Despite the clear risk, our understanding of how to mitigate or adapt to the impact of climate change on malaria and NTDs is limited. Adaptation and mitigation strategies were discussed in only a fraction of the scientific literature reviewed by the WHO Task Team. This needs to change.  

A new research agenda is crucial to inform evidence-based adaptation and mitigation strategies.

In a world acutely aware of the effects of climate change, this all matters immensely if we are to preserve our gains and investments. As global citizens and stakeholders in global health – whether policymakers or researchers, NGOs, funders, or community leaders— we must adapt our strategies and responses not just to the diseases as we’ve known them, but to how they will evolve in a changing climate.

This will require innovative approaches to our public health interventions as dynamic as the challenges they aim to counter.

 We must build resilient, climate-responsive health systems, surveillance programs and intervention strategies to mitigate against or adapt to the immediate-short-term and long-term effects of climate change on malaria and NTDs.

We must ensure communities have the resources to respond to health threats in the context of real-time challenges and changing dynamics, like rising temperatures, extended rainy seasons or drought – particularly in the ‘last mile.’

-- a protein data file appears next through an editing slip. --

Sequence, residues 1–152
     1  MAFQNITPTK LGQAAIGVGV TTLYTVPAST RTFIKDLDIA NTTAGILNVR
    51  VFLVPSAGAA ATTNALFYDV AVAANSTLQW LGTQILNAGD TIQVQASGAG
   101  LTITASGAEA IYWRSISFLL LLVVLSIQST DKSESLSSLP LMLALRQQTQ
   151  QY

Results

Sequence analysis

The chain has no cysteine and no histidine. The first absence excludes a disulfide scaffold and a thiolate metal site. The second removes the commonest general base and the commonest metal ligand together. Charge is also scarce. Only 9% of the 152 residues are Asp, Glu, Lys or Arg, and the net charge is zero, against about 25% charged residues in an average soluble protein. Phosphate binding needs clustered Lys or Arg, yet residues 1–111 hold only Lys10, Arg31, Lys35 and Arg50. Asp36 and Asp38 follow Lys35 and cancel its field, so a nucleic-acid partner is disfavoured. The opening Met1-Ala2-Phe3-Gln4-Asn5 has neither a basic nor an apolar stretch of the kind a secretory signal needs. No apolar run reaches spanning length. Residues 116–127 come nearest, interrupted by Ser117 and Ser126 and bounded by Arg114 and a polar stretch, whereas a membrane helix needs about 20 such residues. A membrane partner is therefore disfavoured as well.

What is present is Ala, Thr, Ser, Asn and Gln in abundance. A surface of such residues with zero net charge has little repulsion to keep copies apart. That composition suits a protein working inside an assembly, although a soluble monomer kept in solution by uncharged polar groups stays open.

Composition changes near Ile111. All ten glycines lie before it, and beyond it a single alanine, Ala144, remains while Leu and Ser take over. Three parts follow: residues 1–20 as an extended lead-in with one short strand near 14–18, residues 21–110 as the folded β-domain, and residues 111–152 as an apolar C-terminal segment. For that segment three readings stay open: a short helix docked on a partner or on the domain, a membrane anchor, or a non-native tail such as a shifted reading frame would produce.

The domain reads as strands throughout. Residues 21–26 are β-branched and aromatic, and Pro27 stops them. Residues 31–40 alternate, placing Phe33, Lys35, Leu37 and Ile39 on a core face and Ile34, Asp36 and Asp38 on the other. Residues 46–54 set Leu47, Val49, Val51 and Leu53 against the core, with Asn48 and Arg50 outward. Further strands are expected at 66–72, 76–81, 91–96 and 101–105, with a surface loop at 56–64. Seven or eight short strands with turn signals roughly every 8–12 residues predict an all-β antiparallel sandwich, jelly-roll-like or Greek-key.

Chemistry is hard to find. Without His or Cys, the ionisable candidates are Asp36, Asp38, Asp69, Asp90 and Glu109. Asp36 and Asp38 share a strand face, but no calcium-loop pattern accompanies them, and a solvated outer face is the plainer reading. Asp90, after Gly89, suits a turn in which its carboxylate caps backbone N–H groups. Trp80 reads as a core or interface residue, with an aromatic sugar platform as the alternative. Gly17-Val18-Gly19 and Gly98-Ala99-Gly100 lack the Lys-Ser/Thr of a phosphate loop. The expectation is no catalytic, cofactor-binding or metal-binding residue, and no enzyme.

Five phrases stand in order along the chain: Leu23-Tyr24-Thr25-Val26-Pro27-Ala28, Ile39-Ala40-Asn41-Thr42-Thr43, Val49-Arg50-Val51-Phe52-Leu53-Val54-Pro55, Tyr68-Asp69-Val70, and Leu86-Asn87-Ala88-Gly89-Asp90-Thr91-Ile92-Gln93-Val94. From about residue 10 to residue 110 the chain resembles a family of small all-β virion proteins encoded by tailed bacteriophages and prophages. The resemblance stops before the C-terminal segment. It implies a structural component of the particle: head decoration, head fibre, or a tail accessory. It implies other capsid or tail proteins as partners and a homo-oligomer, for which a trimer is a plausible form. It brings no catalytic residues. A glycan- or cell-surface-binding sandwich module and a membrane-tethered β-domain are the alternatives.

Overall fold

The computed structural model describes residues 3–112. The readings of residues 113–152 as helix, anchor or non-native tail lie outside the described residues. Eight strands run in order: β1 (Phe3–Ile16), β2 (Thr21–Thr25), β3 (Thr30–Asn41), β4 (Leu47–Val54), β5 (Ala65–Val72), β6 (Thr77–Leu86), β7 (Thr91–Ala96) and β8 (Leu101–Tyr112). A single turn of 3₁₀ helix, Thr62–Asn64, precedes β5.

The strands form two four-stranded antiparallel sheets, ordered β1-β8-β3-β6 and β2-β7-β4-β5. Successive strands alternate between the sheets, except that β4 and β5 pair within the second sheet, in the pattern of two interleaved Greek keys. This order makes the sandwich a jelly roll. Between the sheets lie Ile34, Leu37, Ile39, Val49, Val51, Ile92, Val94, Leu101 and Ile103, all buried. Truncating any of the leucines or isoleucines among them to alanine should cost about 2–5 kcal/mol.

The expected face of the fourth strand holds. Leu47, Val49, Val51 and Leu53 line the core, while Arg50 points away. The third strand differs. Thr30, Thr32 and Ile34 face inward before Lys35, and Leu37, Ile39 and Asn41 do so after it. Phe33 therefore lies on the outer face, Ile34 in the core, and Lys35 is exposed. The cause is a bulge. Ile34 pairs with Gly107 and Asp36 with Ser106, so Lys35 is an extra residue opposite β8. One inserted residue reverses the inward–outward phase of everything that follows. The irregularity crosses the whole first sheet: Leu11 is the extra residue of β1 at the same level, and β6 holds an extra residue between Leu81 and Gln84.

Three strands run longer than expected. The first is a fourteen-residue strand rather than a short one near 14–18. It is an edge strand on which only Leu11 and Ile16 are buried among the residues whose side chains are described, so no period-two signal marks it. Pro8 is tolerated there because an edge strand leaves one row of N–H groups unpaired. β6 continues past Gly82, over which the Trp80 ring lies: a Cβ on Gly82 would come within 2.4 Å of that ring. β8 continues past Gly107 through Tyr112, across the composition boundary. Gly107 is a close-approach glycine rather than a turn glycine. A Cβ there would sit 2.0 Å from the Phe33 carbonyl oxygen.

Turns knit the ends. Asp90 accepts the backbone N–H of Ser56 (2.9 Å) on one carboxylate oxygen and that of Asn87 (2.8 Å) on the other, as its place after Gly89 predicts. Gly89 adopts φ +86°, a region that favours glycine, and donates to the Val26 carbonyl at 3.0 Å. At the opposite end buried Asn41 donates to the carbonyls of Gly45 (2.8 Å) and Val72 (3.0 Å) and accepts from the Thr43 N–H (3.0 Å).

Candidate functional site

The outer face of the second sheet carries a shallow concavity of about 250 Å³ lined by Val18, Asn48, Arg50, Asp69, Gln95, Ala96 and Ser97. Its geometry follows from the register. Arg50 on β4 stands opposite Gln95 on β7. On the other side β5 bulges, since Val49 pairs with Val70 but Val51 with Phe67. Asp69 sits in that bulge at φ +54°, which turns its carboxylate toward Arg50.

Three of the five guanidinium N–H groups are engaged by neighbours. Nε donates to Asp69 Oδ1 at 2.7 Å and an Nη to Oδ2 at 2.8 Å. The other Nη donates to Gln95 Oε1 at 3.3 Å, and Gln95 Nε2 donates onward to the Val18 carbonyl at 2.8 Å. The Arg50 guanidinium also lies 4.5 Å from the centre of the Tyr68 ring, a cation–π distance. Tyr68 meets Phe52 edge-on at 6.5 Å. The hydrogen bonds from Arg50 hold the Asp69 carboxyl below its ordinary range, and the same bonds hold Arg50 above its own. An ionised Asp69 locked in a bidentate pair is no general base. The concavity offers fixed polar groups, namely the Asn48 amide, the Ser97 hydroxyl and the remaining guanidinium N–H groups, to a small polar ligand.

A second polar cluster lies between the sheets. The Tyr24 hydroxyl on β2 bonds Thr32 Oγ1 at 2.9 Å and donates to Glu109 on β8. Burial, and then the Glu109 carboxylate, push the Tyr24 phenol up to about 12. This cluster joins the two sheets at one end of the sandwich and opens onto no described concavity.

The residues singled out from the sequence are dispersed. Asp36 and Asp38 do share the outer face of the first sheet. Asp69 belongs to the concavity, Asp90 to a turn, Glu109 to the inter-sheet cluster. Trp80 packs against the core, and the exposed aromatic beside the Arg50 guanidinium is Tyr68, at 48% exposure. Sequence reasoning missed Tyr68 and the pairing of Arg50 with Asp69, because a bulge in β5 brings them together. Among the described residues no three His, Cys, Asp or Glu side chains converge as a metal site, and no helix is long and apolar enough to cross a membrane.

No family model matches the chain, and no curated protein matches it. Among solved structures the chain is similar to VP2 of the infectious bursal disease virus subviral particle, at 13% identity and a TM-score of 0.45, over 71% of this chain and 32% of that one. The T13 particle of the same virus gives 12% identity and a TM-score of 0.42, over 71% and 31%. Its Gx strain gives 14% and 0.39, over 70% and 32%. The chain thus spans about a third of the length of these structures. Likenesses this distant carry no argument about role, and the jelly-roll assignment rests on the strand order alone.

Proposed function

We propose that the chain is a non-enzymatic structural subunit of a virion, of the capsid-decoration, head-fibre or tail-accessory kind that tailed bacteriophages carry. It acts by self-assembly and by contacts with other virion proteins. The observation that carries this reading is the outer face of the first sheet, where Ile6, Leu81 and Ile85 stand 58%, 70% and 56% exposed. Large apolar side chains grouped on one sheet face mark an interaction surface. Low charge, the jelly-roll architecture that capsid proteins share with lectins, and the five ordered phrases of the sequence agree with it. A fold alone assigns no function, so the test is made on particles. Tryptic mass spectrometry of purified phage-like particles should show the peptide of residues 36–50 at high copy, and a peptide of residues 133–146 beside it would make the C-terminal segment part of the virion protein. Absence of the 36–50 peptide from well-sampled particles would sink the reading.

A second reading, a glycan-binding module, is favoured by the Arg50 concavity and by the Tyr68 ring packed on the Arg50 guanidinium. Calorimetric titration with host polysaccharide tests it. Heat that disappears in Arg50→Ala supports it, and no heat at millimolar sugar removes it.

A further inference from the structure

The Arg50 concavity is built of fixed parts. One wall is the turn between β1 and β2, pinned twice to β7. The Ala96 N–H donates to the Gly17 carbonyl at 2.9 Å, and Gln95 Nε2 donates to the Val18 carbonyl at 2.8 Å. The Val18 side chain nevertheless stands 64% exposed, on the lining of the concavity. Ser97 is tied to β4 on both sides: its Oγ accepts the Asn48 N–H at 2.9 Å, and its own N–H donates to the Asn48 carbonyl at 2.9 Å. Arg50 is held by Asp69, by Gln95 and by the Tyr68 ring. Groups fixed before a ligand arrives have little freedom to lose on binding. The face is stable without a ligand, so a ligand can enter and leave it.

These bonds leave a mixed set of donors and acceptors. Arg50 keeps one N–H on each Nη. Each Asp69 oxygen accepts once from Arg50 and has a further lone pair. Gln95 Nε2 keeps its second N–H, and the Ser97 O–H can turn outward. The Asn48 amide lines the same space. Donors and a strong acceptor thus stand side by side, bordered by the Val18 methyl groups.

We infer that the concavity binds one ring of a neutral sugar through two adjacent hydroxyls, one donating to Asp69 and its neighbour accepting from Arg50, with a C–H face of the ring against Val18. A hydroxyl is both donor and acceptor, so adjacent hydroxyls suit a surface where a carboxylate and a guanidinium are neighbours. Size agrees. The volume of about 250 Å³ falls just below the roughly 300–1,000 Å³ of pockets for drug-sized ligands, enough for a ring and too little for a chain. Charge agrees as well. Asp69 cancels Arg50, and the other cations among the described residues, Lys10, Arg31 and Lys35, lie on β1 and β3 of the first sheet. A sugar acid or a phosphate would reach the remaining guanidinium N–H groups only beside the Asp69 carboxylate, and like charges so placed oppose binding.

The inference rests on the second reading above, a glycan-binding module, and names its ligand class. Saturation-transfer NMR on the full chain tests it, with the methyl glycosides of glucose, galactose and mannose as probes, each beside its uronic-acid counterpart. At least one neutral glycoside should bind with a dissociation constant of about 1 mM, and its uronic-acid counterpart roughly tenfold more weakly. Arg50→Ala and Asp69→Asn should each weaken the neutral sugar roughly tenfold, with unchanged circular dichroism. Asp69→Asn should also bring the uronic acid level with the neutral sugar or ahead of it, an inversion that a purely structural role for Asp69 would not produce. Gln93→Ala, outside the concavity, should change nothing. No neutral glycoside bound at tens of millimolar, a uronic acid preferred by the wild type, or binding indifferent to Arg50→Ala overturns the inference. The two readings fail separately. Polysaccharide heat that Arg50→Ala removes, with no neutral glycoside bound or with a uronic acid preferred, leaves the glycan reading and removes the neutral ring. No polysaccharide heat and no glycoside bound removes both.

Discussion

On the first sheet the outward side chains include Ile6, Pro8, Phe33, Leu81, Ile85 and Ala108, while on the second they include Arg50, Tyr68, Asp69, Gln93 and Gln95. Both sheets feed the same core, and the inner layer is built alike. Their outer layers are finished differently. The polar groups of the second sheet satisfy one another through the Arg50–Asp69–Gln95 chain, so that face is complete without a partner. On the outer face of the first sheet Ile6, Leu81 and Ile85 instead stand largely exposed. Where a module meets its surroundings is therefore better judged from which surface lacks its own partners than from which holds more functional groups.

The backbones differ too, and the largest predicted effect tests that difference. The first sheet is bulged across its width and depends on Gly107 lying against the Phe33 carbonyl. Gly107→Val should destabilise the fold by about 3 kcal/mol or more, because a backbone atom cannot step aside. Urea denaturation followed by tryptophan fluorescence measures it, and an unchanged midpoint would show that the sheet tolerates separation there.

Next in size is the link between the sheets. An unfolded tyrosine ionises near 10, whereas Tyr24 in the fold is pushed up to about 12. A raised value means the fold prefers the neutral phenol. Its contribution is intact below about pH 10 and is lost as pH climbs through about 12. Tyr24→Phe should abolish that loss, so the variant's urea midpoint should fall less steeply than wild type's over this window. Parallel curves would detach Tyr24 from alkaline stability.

This will require us to reimagine and invest in a new research agenda driven by scientists on the frontlines of this climate-vector-borne disease nexus aimed at protecting those most vulnerable to its impact.

Stronger action on the ground

We need a committed, global push for research that not only tracks disease trends but actively explores robust intervention strategies that consider the full spectrum of climate impacts. 

This includes a holistic approach to hazard assessment, driven by research that examines the links between hazards, vulnerability and exposure so we can more accurately project the potential effects of climate change on malaria and NTDs.

The climate crisis will only continue to put strain and pressure on already fragile health systems, diverting precious resources from other budget lines, including malaria and NTDs. With more evidence, we can break this cycle and protect the resources needed for disease response.

Last week, the World Health Assembly adopted the WHO’s 14th Global Programme of Work, which prioritises the climate-health nexus. Member states also adopted the strongest resolution yet on climate change and health. 

Now we need to see even stronger action on the ground. Let’s marshal our collective resources and ingenuity to ensure that our responses are as adaptable as the diseases we’re striving to overcome.

The time to act is now. This new WHO paper is not just a summary of data; it’s a call to action. It’s a directive for all of us involved in the fight against malaria and NTDs to look beyond our current horizons and plan for a future where climate change reshapes the landscape of global health. For the sake of the millions at risk, we must heed this call and act swiftly and decisively.

It’s no small challenge, but one that we can overcome together.

Dr Ibrahima Socé Fall is the Director of WHO’s Global NTD Programme.

Dr Michael Adelkunle Charles is CEO of the RBM Partnership to End Malaria.


Image Credits: Yoshi Shimizu, Billy Miaron/ WHO.